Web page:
Mian Anjum Nisar said that the current economic situation in Pakistan, marred by rapidly-depleting foreign exchange reserves, has also forced commercial banks to be selective in opening LCs even for sectors such as healthcare, as it has been unable to open Letters of Credit (LCs) as per its usual banking cycle.
PIAF Chairman Faheem ur Rehman Saigol, on this occasion, said that short-term and long-term policies will have to be made to improve the economy. He said that Pakistan is endowed with immense cheap indigenous energy resources including hydel and renewable energy like wind and solar, waste, bio diesel etc. which need commitment to exploit them. He called upon the government to develop an indigenous base of renewable technologies in Pakistan for tapping these energy resources so that country could meet its growing energy needs comfortably.
Faheem Saigol said the country is facing chronic socioeconomic woes due to politically-motivated economic policies, over the time. He said reserves touched the level not sufficient to cover a month imports. All economic indicators are negative. He said that the country’s GDP growth rate is predicted to just 2 percent in fiscal year 2023. Floods caused economic losses reached over $30 billion, while the IMF prescribed measures mostly turned counterproductive.
Responding to a question, Dr. Hafiz Pasha stated that the decision to take more loans will keep complicating the problems in longer term, as the government needs $23 billion in foreign debt repayments for this fiscal year, which is the direct result of such decisions of taking loans from foreign nations.
All the problems of the country can be solved only when the political and economic leadership sit together with good intentions and sincerity to come up with the best economic model to get the country out of the current financial crisis, he urged.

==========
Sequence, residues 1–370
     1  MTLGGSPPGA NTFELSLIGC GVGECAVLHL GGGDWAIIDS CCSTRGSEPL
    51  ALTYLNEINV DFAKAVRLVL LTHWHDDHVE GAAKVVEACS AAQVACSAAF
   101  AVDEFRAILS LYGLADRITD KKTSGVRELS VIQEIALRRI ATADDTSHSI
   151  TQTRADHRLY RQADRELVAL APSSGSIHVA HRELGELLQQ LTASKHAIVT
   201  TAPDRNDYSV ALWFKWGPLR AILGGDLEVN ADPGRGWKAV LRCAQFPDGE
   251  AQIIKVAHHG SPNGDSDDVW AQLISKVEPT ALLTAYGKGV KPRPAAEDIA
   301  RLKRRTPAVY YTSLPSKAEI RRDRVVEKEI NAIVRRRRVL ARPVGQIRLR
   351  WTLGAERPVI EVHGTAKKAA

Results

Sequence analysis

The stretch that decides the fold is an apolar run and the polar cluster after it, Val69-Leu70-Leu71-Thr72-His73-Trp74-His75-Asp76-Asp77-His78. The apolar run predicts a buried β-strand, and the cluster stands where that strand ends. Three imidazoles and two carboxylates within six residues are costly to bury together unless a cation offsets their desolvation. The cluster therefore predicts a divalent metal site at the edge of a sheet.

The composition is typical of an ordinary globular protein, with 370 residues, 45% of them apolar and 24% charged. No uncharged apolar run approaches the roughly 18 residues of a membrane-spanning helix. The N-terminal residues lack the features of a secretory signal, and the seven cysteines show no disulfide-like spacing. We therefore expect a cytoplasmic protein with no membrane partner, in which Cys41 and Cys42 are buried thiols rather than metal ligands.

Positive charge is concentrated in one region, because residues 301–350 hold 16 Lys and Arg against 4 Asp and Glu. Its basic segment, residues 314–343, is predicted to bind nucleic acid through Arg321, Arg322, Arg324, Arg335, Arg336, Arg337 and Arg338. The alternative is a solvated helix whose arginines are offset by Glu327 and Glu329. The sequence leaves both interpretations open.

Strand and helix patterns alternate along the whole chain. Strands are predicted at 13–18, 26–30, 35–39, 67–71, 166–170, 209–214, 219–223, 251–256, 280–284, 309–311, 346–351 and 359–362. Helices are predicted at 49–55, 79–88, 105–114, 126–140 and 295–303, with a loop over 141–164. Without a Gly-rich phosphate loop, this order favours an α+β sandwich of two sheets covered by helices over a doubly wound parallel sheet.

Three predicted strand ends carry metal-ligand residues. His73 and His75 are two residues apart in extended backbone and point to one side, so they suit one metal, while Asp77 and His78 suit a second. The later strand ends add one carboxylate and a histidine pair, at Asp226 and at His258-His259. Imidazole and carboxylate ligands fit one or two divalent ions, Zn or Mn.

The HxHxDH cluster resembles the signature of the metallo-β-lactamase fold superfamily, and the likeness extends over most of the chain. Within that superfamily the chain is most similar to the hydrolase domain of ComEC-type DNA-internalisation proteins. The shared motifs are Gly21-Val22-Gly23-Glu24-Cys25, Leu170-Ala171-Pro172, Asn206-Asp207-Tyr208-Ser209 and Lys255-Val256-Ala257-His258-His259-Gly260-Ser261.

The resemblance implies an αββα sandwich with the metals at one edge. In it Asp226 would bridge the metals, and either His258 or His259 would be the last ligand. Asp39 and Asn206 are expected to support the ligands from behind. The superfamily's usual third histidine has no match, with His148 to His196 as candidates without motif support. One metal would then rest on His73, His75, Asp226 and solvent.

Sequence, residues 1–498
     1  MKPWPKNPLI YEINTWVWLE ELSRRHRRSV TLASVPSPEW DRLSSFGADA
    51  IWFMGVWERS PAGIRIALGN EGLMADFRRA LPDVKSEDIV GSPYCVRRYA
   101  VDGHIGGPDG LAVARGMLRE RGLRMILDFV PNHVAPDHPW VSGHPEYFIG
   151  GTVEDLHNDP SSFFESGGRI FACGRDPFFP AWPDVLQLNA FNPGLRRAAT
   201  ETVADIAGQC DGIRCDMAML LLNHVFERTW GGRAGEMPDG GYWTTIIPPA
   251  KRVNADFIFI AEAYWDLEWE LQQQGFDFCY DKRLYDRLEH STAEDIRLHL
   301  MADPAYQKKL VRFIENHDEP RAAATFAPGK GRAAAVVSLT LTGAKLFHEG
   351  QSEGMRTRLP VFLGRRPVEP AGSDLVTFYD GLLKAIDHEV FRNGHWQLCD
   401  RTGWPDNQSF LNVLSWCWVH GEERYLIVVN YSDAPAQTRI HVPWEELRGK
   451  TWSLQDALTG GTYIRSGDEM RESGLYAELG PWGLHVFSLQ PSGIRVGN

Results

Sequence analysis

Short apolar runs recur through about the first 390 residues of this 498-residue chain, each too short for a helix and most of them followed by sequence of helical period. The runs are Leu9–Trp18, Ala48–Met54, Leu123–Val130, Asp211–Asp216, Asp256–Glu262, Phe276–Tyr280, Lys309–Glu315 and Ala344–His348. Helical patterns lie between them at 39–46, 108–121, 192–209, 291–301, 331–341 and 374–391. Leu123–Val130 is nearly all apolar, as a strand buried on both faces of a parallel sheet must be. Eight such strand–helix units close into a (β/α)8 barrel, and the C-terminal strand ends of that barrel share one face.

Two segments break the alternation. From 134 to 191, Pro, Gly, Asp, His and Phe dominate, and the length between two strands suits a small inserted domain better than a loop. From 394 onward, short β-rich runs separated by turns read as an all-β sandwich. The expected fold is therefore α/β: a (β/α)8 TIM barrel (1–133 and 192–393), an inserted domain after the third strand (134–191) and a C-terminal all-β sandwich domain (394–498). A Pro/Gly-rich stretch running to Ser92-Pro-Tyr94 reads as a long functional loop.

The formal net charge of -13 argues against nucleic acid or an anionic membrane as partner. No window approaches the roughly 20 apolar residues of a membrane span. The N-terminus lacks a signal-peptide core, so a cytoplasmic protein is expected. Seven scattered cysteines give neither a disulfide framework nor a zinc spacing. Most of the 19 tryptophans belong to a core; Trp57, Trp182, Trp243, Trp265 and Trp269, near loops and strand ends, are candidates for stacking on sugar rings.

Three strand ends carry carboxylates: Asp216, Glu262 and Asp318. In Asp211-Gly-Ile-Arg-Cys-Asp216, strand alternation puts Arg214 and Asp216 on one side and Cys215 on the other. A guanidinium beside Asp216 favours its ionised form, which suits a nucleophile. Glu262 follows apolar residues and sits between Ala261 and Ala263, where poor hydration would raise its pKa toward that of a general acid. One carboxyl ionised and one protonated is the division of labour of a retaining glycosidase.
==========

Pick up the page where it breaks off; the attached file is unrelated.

The former finance minister pointed out that circular debt has reached over Rs 4.17 trillion and has put Pakistan’s energy security at a heightened risk. Pakistan’s power sector circular debt has spiked to an alarming level of Rs4,177 billion as the government fails to stem system losses. The circular debt of the energy sector is rising at the rate of about Rs129 billion per year. The government paid around Rs15 billion to the power sector during last fiscal year which is more than the defence budget of Rs1430 billion, as the sector has become a black hole for the country, despite the continuous increase in the prices of electricity and cut in subsidy.
Dr. Hafiz Pasha said that the non-issuance of letters of credit (LCs) is crippling industrial activities, leading to massive unemployment as the industry is unable to import the raw material necessary to keep their manufacturing wheel running. He stated that the emerging situation has terribly affected industrial activities as well as exports, which would have a devastating impact on the already ailing economy and the lives of millions of poor people due to massive layoffs.